Angel Bat Dawid & Tha Brothahood’s powerful & honest new “LIVE” album

Chicago-based clarinetist, composer, singer and spiritual jazz soothsayer Angel Bat Dawid announces a new live album with her band Tha Brothahood. The album, which Angel has appropriately titled “LIVE,” releases on all physical formats on February 14th 2021 on International Anthem.

LIVE was mostly recorded on November 1st, 2019, at Haus der Berliner Festspiele in Berlin, Germany, during the 2019 edition of JazzFest Berlin. For Angel and Tha Brothahood – which includes Deacon Otis Cooke (vocals, synth), Viktor Le Givens (vocals, auxiliary instruments), Xristian Espinoza (tenor sax, percussion), Norman W. Long (electronics, synths), Dr. Adam Zanolini (double bass, bass guitar, soprano sax, flute, percussion), Isaiah Collier (drums), and Asher Simiso Gamedze (drums) – it was the first stop of their first European tour.

Forty-eight hours before the show, Angel and members of the band were on their way to the airport in Chicago when they received news that Viktor Le Gives had passed out on the street and subsequently woke up in a hospital with all his personal belongings missing. When they arrived in Berlin, the band’s manager Najee-Zaid Searcy reached out to the production staff of JazzFest Berlin to inform them of the situation. Their initial reply: “if you cannot find a substitute, we will have to reduce your fee.”

Of the cold, insensitive response to Viktor’s unfortunate situation, Angel recalls: “It really put a whole damper on my spirit to have to deal with this a few hours before performing. How the fuck is this response ever acceptable anywhere?!”

Angel shares: “I have issues in general about the way artists are treated because I see a difference in how tech folks treat women and artist of color… I’m calling it out. A lot of the racism and things I’m talking about are steeped in microaggressions and are so subtle and can go unnoticed. But all those things happen a lot and it was very evident at the festival… Yes I am hyper sensitive to any infraction I ever see, feel or observe when it comes to racism, and I no longer pass it off as an over sensitivity but an opportunity to blow the whistle on intellectual and structural racism that is still a rampant and ugly beast, especially in the European music world.”

Angel and her band had a handful of experiences over their two days in Berlin that contributed to her feelings, including an interaction at The Ellington Hotel (a place that’s named & themed in homage to the famous Black American composer), where the band was staying. The moment was recorded by Angel’s bandmate and she chose to include an excerpt at the beginning of the album’s first track, where she shouts repeatedly: “ever since I’ve been here y’all have treated me like shit!”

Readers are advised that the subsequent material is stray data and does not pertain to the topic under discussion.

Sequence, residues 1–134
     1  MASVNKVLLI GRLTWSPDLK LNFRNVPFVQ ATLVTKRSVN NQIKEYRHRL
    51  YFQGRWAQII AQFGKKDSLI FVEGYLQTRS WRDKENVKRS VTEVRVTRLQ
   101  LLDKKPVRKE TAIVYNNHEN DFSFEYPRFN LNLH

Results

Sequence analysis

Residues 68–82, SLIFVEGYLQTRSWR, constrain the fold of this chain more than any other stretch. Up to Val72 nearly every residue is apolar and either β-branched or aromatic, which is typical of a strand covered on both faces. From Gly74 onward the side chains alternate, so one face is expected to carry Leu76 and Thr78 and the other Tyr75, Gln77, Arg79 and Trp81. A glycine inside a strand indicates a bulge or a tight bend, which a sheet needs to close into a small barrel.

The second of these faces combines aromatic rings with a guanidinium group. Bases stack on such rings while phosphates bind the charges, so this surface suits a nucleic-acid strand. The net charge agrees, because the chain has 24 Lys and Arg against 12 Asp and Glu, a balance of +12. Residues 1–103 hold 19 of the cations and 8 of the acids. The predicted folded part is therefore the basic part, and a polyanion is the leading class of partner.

The full story, from Angel: “The morning at the Duke Ellington Hotel was the result of a buildup of things… The insensitive way the festival dealt with Viktor… to mean stares walking down the street with my Brothers… A man came up to all of us and said he was frightened by our group. I went to another shop and they told me ‘don’t go to East Berlin because they don’t like Blacks’… Berlin was leaving me feeling very isolated and angry. So the morning we were leaving this hotel, with its homage to Black musicians in every room… They had a piano in their bar area and I decided to play a tune, sing and praise, to leave on a good note. Deacon Otis was filming it as our way of just walking in love, no matter what. As I was singing someone on the staff runs up to me red face and angry saying ‘ma’am please don’t do this in the lobby this is not allowed!’ And I just went the fux off. I had had enough of the reprimands… I just couldn’t be my genuine Black self anywhere in Berlin without someone reprimanding me…”

Another sound that Angel chose to include in the album is an excerpt from a JazzFest Berlin panel discussion she participated in, which was moderated by writer Emma Warren – a friend of Angel’s – and recorded by Searcy. Angel’s powerful declamations from the panel stage are heard on the album’s last track “HELL,” through a dense layering of effects. “The discussion was led by Emma… so I was feeling very much myself and was going to tell the honest truth about how these festivals and music scenes still operate and support intellectual and structural racism, because they are never challenged,” Angel recalls.

Despite, or perhaps in light of the difficulties Angel and her band faced, they performed a set at Berliner Festspiele that Angel considers to be one of their best ever.


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